12. The voters of NSW are stuck between a rock and a hard place in their choice on March 24 – its a contest between the fool and the tool!! The readers of this website can decide which is which!!

    In some ways, it is tragic for Australian democracy that a state government that has so manifestly failed to deliver basic services and has become besmirched in a series of ethical scandals should seem to be comfortably cruising back into office because the opposition is just not a credible alternative and doesn’t even seem to want to win.

    Unless, of course, a re elected Iemma government would be so diabolically incompetent (on past record -yep!) that the libs see a reaction against it as shoring up the NSW vote when the federal election comes. Or that they realise that a Debnam government would be as diabolically awful and deliver the Lodge to Ruddy who would have gained a swag of NSW seats.

    Call me cynical…..

  13. MOONEY VALLEY, Victoria by-election

    Reports coming in from scrutineers and candidates indicates that the Victorian Electoral Commission is once again proposing to use a computerised counting system for the Mooney Valley City Council By-election scheduled to be counted this weekend.

    Under dispute is the need to conduct a computerised count for the election of a single member when a manual count would be quicker and require less resources and more important would be more open and transparent.

    The use of a computerised count in a single member constituency can not be justified. The time and resources required to undertake a computerised count is much more then it would be if the election was manually counted. Any time saved is only at the expense the public scrutiny by cutting corners reducing the overall quality of the count.

    Computerised counting was not used to count the results of the Victorian Legislative Assembly (Lower-house) election in November.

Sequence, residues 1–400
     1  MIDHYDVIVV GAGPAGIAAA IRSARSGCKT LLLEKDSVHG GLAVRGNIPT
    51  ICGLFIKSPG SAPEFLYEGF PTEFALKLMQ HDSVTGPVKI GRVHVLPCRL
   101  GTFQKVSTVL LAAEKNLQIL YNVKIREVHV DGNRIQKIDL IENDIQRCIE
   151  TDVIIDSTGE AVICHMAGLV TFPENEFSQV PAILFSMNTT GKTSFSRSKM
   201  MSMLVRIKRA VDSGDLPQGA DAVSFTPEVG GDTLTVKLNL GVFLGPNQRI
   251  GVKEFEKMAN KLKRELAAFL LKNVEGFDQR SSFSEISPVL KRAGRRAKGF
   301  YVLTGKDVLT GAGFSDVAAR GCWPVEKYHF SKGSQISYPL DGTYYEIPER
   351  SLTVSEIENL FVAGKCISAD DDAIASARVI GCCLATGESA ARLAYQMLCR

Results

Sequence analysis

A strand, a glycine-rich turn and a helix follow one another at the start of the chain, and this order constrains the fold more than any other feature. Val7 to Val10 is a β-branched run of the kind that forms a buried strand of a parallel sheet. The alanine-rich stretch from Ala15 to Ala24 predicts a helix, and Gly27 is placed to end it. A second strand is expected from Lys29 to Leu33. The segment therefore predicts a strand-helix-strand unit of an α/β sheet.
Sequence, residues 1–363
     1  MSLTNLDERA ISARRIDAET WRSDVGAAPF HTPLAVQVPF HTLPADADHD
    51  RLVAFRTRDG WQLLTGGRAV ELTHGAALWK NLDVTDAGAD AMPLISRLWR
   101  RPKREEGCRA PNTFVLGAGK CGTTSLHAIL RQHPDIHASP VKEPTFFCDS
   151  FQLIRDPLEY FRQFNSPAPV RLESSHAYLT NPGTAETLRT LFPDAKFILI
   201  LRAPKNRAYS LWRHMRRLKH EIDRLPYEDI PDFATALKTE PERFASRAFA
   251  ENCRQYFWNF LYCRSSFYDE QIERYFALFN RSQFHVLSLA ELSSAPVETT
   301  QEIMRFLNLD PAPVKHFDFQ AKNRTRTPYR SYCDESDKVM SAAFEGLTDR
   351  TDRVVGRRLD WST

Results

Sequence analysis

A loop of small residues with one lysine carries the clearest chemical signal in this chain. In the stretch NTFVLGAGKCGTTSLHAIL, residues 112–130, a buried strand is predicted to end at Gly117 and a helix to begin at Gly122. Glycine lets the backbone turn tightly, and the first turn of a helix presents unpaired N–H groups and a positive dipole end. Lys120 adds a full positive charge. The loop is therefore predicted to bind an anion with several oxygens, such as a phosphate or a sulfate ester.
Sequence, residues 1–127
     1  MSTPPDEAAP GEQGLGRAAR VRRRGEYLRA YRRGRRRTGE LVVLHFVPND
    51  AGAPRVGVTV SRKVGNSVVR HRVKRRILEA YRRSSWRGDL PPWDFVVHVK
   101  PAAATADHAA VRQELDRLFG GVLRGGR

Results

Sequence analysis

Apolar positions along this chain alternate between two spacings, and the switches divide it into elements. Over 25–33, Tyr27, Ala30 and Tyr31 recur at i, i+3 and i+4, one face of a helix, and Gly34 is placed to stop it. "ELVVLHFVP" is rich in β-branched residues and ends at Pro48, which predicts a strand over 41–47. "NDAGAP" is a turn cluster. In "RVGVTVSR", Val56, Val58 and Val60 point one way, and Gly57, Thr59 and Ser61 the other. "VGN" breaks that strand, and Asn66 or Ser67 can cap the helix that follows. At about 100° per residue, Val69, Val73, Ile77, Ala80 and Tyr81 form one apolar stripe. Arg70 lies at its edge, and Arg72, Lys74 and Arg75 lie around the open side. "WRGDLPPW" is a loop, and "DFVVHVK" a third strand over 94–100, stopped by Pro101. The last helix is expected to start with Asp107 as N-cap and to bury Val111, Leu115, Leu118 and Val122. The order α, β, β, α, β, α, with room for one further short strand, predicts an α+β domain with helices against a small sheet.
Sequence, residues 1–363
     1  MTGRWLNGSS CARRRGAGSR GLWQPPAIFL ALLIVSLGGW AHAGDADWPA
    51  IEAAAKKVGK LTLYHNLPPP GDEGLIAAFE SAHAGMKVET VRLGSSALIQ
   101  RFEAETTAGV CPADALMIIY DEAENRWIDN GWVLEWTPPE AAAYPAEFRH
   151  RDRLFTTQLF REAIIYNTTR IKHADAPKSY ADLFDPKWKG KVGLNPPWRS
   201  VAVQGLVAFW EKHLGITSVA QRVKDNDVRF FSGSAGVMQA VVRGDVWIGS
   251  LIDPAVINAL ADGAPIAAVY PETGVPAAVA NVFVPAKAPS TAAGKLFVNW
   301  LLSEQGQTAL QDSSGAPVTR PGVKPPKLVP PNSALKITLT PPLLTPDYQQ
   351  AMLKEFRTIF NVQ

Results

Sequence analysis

The Victorian Electoral Commissions conduct of the Victorian Legislative Council (Upper-house) election in November 2006 demonstrates that VEC’s computerised counting system has some major problems. Information obtained under FOI indicates that the software used by the Victorian Electoral Commission has not been fully certified and that there is insufficient checks and balances in the system to ensure that the results of the computerised count are accurate and correct.

    The Victorian Local Government Act Schedule 3, Part 3 subclause 10 (c) (ii) requires that the VEC undertake a preliminary sort of ballot papers into parcels based on the allocated first preference vote.

    The VEC claim that they are exempt from this provision of the act where the election is conducted by post and a computerised counting system is used.

    The election is expected to take 24 data-entry operators two hours to count., That’s 48 man hours.

    A manual count would take four people approximately 4-5 hours to count a net savings of 28 man hours. So where is the benefit of a computerised count, and at what costs? A computerised count is virtually impossible to effectively scrutinise.

    The tally of the 2006 Victorian Legislative Council also required that the Victorian Electoral Commission presort ballot papers into parcels based on the first preference allocation.

    This is an important part of the scrutiny of the ballot. Without this provision scrutineers are limited in their ability to undertake a proper scrutiny of the counting of the election. Ballot paper preferences are keyed in a random fashion and scrutineers are unable to focus on a particular candidates preferences.

    The VEC electronic shell game

    There is further concern that the Electoral Commission refuses to provide copies of the recorded preference data file for independent analysis and review, further denying the opportunities and ability to undertake a proper scrutiny of the count.

    This is akin to the con-mans game of three shells and a pea where the returning officer declares the results of the game by lifting up one shell showing that the pea is not there but refuses to show what’s underneath the other two shells.

    Use of computerised counting of single member constituencies should be prevented until such time as full and comprehensive review of the electronic voting systems has been undertaken,

    A Manual count would facilitate an open and transparent scrutiny of the ballot and would be preferable then the proposed computerised count,

    The Victorian Electoral Commission is more interested in playing with its latest toy then it is about public accountability and the maintenance of open and transparent electoral system.